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LotM - Feb 20: Proto-Osveraali
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February's Language of the Month is Hastrica's Proto-Osveraali, the second Osveraali language from the CWSP project in a row! Again, we have a complex phonology together with sophisticated grammar, serial verbs, vowel harmony and many things more!
This public article was written by Admin Sheep, and last updated on 14 Feb 2020, 17:02.

[comments] [history] Menu 1. Phonology and orthography 2. Morphology and syntax 3. More on Proto-Osveraali 4. A Note on Proto-Osveraali The Osveraali streak of LOTMs continues in February 2020 with @Hastrica’s  Proto-Osveraali! A proto to two other protos, one of which we got to look at last month, Proto-Osveraali is the common ancestor of all the Osveraali CWSP languages. It comes in with a load of uncommon phonemic contrasts, vowel harmony, serial verbs, a large case inventory, a duodecimal number system and some syntactic eccentricities - let’s dive into it!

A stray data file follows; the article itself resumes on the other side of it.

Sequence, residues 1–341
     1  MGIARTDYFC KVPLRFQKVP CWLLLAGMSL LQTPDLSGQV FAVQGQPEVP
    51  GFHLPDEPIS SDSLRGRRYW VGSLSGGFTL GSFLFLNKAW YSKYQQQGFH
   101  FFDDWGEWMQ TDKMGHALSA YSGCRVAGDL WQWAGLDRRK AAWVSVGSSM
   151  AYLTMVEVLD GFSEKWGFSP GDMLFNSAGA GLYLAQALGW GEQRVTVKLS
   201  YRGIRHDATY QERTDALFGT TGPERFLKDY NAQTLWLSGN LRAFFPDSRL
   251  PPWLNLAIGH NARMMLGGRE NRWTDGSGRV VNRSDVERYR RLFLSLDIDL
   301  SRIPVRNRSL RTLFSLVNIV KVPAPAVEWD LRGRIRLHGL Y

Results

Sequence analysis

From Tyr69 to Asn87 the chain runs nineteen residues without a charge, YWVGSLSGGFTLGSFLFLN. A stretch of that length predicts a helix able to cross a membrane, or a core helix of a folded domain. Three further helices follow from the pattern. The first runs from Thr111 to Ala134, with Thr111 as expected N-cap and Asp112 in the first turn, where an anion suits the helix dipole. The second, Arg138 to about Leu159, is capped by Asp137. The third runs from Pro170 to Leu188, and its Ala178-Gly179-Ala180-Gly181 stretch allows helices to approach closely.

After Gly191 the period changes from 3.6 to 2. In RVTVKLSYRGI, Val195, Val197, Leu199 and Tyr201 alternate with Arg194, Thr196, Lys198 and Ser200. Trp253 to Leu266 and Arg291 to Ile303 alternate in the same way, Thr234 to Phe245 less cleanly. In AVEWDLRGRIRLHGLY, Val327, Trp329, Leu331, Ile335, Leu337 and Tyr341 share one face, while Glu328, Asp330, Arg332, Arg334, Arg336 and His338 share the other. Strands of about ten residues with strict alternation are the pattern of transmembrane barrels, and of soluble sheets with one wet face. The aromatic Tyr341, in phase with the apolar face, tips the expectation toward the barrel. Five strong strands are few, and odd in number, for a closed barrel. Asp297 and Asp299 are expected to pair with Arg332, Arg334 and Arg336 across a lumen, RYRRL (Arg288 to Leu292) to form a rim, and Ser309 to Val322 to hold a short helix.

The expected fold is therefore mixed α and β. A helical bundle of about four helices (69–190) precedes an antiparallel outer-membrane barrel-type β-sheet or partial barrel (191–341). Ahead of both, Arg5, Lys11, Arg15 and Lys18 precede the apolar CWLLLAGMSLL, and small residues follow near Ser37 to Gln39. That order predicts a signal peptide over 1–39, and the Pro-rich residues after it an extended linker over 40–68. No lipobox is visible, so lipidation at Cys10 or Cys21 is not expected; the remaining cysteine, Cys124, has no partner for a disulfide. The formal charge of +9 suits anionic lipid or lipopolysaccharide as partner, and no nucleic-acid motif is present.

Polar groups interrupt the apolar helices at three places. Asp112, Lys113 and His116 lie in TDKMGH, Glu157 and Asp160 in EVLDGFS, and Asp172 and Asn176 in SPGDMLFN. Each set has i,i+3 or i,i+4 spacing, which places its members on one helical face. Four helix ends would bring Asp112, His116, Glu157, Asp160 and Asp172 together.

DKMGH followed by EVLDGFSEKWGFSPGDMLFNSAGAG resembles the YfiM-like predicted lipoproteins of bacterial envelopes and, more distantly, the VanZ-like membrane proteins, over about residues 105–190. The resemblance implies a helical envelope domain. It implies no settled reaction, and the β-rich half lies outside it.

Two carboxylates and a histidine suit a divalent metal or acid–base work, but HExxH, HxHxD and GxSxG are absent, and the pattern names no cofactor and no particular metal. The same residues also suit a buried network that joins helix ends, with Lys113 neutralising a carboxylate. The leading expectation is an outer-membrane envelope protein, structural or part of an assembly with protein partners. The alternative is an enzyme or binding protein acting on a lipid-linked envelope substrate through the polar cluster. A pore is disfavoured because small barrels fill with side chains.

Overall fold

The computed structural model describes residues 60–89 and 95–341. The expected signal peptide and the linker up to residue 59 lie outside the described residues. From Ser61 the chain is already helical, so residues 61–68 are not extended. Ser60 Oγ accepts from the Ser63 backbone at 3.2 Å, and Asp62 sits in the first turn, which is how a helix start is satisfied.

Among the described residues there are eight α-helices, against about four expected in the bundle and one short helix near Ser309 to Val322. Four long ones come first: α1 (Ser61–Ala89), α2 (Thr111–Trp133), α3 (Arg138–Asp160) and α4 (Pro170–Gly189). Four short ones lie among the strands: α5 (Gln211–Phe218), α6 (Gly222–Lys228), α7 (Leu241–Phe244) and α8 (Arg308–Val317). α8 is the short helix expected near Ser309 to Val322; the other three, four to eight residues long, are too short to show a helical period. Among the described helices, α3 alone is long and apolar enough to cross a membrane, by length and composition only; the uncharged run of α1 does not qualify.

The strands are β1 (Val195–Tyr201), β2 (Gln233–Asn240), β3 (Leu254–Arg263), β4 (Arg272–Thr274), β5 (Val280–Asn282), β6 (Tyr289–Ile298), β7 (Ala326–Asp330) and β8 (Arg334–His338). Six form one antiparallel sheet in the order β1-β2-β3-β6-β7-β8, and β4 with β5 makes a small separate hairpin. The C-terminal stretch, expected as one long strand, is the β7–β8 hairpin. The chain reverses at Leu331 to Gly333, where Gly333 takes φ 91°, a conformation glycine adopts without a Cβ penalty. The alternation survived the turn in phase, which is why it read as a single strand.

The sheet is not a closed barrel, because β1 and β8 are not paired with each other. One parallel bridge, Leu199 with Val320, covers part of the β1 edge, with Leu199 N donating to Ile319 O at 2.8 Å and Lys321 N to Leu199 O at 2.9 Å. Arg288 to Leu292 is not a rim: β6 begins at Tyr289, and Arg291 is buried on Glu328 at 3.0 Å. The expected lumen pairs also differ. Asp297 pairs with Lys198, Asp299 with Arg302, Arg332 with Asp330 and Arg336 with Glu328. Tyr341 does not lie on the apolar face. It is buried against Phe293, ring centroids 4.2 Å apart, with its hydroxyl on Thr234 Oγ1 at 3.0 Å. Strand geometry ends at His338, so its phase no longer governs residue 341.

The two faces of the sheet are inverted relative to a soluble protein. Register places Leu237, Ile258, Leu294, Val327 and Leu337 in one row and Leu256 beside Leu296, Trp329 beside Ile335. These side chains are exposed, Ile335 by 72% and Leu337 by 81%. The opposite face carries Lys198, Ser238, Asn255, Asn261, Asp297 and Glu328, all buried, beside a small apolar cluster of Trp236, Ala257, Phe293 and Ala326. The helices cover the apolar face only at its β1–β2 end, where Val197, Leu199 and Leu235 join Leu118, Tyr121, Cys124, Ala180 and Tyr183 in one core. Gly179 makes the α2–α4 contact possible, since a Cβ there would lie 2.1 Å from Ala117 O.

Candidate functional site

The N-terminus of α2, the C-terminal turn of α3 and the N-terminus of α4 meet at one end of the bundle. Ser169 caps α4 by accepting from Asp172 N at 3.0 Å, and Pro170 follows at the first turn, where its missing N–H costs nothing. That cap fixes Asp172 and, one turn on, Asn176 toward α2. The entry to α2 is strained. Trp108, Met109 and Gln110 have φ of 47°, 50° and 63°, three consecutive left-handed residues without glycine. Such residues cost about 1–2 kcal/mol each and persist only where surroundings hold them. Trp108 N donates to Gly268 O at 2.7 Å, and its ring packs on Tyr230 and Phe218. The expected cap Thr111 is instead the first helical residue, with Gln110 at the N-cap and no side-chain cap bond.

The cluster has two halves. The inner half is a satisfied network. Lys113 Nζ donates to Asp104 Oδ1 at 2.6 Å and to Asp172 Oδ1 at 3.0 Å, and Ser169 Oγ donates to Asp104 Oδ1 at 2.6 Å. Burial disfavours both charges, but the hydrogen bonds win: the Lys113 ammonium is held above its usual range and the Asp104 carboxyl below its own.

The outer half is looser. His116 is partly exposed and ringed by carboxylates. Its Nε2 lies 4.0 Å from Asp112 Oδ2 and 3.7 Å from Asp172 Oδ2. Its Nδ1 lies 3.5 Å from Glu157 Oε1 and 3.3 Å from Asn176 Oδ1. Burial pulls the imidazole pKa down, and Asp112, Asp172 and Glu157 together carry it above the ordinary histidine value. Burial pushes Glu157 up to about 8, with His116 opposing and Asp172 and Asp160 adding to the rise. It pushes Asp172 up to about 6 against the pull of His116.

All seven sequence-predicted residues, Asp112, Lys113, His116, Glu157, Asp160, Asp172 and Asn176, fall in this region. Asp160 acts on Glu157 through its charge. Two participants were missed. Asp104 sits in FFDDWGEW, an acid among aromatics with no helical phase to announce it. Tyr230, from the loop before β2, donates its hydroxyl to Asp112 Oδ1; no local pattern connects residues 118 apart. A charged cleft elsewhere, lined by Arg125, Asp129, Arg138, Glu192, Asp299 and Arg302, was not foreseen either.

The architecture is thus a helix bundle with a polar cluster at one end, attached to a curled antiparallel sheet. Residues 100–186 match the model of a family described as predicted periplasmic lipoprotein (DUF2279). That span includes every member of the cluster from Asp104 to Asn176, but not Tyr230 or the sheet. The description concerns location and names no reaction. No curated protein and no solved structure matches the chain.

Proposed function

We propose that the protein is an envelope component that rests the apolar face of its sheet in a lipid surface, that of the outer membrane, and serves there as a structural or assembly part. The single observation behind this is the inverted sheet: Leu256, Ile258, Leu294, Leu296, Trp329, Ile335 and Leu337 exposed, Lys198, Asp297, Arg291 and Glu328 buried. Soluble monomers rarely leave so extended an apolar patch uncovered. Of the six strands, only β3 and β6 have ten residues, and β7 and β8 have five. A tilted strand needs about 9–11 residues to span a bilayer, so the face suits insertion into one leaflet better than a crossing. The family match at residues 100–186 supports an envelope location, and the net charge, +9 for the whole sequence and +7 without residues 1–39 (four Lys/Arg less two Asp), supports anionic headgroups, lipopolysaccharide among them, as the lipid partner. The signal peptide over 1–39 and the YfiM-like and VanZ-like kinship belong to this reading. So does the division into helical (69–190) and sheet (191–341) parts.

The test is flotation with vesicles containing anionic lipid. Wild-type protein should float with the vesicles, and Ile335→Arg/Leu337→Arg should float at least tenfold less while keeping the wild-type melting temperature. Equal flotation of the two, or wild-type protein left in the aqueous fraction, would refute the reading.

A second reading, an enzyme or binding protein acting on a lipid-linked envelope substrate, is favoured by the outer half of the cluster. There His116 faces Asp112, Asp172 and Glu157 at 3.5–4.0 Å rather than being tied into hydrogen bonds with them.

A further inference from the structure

[top]Phonology and orthography

The first thing one will notice when looking at the sounds of Proto-Osveraali is its overlong vowels, a rare feature in both natlangs and conlangs - every single one of the nine vowel phonemes occurs in a short, long and overlong variant. The vowels are laid out in a pretty symmetrical fashion, with both close and open-mid vowels in rounded-unrounded pairs, plus the open central vowel /ɐ/. This symmetry is exploited in the vowel harmony rules, which come in two flavours: full harmony, which means a suffix must conform to both the rounding and backness of the word, and partial harmony, which is only about backness.

The spelling makes use of no less than five vowel diacritics to combine rounding and length, allowing the reader to tell at a glance if they are dealing with a “normal” vowel (which means unrounded for front and rounded for back) or a “deviant” one (rounded front, unrounded back). For example, the circumflex accent indicates an overlong normal vowel, so <ô> is /o::/, while the hook above, borrowed from Vietnamese, means a long deviant vowel, giving /y:/ for <ỉ>.